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Bathroom Plumbing and Caulking Tips: How to Caulk a Bathtub

Bathtubs have caulk around them to prevent water and moisture from running down behind and under the tub, as well as into the walls. Some of the more common signs it is time to replace the caulk around your tub include:

  • Cracked Caulk
  • Missing Sections of Caulk
  • Mold & Mildew in the Caulk
  • Caulk Discolorations (Yellowing)

Replacing the caulk is a task some people can do, while others may find it more challenging and messy. If you don’t want to attempt the project, our bathroom plumbing experts are more than happy to replace the old caulk with new for you.

bathtub white ceramic interior in bathroom

Ready to get started? Here are our tips for calking a bathtub.

Gather All Tools and Materials

You will want to make sure you have everything you need to do the project beforehand. The last thing you want to do is to stop halfway through because you forgot something.

  • Plastic Scarper/Utility Knife: Make sure it has a plastic blade so it does not damage the tub.
  • Shop-Vac: You need a vacuum cleaner with a hose attachment.
  • Painter’s Tape: You want the tape to be at least two inches wide or wider.
  • Caulking Gun: This tool is needed to apply the caulk unless you get the prefilled tubes.
  • Caulk: You want bathroom tub and tile caulk. Choose acrylic for ceramic bathtubs and silicone for all other tub material types.
  • A Sponge/Cleaning Rags/Paper Towels: These are needed to clean up after removing the old caulk and putting the finishing touches on the new caulk.
  • Rubbing Alcohol: This helps clean and remove smaller pieces of the old caulk.
  • Chlorine Bleach: If your caulk had mold and mildew in it, you will need bleach to treat the area before applying new caulk.
  • Caulk Removal Tool: This special tool can be beneficial to have if the caulk is difficult to remove.

Removing the Old Caulk

Start by using your plastic scraper to scrape off the old caulk. If you opted for a utility knife, you can use it to separate the caulk from the tub and wall first, then use the caulk removal tool to scrape it off.

Once you have gone completely around the tub, remove any large sections of old caulk and discard. Vacuum around the tub. Run your hand over the spot to do a final check to ensure you did not miss any old caulk. If you have more caulk to remove, make sure to vacuum around the tub once you are done.

If you have mold and mildew, you will want to mix about a half cup of chlorine bleach with a gallon of cold water. Using a sponge or rag, completely scrub the areas where the caulk used to be around the tub. Allow this to dry overnight.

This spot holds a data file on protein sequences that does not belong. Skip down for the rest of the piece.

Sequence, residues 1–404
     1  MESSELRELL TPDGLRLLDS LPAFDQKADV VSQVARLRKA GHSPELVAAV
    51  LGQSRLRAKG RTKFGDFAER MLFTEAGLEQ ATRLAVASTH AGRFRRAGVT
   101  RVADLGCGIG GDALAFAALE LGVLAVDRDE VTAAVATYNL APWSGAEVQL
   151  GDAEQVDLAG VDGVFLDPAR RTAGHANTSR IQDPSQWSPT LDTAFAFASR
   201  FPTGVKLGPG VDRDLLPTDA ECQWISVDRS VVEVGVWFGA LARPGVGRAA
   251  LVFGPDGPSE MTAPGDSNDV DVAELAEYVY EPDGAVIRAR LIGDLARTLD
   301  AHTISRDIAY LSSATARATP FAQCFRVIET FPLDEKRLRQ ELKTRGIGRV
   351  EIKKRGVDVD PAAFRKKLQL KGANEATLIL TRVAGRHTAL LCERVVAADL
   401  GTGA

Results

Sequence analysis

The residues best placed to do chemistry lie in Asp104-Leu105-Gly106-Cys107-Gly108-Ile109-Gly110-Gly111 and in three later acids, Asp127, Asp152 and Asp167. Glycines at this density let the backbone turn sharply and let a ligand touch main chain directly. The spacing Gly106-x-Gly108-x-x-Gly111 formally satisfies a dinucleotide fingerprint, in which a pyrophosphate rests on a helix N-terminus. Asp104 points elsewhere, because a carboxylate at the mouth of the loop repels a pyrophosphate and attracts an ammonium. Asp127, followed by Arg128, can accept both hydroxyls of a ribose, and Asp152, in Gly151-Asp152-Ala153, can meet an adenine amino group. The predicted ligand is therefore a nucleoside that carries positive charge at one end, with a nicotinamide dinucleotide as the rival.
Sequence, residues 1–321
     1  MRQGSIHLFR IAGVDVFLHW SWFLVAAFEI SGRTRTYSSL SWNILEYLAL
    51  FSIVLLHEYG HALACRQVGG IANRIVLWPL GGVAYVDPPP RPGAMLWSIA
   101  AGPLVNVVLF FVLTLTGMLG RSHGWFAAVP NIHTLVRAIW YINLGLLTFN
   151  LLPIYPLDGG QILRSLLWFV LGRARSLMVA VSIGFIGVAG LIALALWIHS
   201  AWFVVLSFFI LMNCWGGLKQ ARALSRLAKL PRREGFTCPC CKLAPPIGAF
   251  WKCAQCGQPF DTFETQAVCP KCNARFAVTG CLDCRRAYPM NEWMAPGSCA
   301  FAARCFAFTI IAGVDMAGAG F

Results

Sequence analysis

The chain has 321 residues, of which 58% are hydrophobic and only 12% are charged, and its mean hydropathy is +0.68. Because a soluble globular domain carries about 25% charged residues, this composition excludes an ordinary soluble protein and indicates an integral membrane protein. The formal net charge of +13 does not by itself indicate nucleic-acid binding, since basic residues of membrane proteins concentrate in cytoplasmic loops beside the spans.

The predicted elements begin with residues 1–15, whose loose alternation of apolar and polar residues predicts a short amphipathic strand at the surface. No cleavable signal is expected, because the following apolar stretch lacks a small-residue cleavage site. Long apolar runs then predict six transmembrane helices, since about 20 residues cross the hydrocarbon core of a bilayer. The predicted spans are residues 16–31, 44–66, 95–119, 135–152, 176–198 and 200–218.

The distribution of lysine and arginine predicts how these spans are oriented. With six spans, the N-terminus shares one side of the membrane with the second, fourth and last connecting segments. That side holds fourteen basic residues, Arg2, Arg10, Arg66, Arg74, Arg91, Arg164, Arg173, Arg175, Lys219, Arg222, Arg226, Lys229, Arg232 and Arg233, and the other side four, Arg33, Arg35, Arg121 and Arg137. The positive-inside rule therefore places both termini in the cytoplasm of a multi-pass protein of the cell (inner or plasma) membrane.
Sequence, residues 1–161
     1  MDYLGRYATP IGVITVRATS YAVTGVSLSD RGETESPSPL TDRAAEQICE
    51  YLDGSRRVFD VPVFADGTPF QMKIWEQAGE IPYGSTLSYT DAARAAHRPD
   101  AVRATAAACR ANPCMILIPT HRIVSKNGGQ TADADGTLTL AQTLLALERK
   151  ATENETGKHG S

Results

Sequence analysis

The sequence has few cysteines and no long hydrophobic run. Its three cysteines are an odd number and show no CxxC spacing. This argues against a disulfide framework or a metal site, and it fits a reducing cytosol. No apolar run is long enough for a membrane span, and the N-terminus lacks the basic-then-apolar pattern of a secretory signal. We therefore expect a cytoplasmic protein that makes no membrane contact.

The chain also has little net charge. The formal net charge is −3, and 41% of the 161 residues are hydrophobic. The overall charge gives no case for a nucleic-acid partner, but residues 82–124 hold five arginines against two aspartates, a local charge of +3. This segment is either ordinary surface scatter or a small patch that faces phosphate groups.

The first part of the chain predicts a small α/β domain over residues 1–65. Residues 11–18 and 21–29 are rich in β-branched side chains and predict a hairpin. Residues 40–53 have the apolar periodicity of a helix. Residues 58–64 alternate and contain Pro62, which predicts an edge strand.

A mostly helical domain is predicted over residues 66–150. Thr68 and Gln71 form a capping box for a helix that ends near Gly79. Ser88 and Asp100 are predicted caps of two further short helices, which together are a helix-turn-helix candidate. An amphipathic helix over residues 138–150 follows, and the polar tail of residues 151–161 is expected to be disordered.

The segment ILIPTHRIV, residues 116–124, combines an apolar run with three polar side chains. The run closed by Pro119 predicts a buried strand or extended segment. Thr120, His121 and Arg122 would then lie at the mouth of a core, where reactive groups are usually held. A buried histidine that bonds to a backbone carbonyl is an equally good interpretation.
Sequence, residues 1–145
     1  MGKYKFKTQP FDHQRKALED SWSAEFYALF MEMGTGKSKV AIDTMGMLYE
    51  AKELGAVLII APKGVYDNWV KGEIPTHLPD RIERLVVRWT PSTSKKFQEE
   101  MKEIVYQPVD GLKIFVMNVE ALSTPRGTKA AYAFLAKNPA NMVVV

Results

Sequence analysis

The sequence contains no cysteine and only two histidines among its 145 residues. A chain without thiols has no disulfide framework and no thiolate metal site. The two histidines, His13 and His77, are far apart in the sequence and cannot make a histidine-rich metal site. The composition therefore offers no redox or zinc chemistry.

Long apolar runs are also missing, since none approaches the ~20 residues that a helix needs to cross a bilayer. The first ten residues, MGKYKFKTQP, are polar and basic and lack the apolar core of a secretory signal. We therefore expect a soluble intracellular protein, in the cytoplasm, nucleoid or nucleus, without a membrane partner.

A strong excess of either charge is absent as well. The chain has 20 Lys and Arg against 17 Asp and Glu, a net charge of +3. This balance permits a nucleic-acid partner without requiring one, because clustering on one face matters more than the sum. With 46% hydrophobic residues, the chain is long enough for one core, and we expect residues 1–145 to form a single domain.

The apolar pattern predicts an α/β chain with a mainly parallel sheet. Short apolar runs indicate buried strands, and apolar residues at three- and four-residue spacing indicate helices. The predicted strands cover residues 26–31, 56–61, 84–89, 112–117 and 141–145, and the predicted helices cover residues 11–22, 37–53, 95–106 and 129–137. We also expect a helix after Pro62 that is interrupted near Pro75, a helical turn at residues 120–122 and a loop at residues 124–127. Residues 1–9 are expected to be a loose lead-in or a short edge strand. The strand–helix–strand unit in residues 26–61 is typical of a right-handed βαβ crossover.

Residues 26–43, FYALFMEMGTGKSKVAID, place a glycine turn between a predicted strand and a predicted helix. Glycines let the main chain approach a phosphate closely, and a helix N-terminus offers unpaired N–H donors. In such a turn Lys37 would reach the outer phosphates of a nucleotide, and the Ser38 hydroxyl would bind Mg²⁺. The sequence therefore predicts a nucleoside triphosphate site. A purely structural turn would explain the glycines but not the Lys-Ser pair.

Next, use the rubbing alcohol and a sponge or rag to wipe around the area where the old caulk used to be. You want to make sure to use it on the wall and tub, too. This helps prepare the surface so the new caulk sticks and seals correctly.

bathroom caulking applying silicone

Applying the New Caulk

Use the painter’s tape and go around they tub twice—once above the area where the caulk will go and a second time below the area where the caulk will go. The gap in between is where the new caulk will be applied, so you do not want the gap too big.

Cut the tip off the end of the caulk tube at a 45-degree angle. You will need to puncture the seal to release the caulk. Most caulk guns have small “stick” on their ends to do this. Load the caulk into the gun and slowly depress the trigger until you can see caulk at the end of the tip.

Holding the gun and caulk tube at a 45-degree angle, apply it completely around the tub. Next, lightly dampen a paper towel and using your finger run it over the caulk to smooth it into a concave shape. It’s okay if caulk gets onto the painter’s tape, but it should not go past the tape.

After the caulk is smoothed, slowly and carefully remove the painter’s tape. You can use a lightly dampened paper towel to smooth out any ridges the tape left. The caulk should be left alone and the tub should not be used for at least 48 hours so it has time to cure and dry.

There are many steps to removing the old caulk and applying new caulk around your bathtub. It is important to do these correctly for properly sealed caulk and a great looking finish. If you need help doing this or have other bathroom plumbing repairs, please feel free to contact your nearest Christianson Air Conditioning & Plumbing location in New Braunfels, Temple, San Antonia or the Austin Metro Area today!

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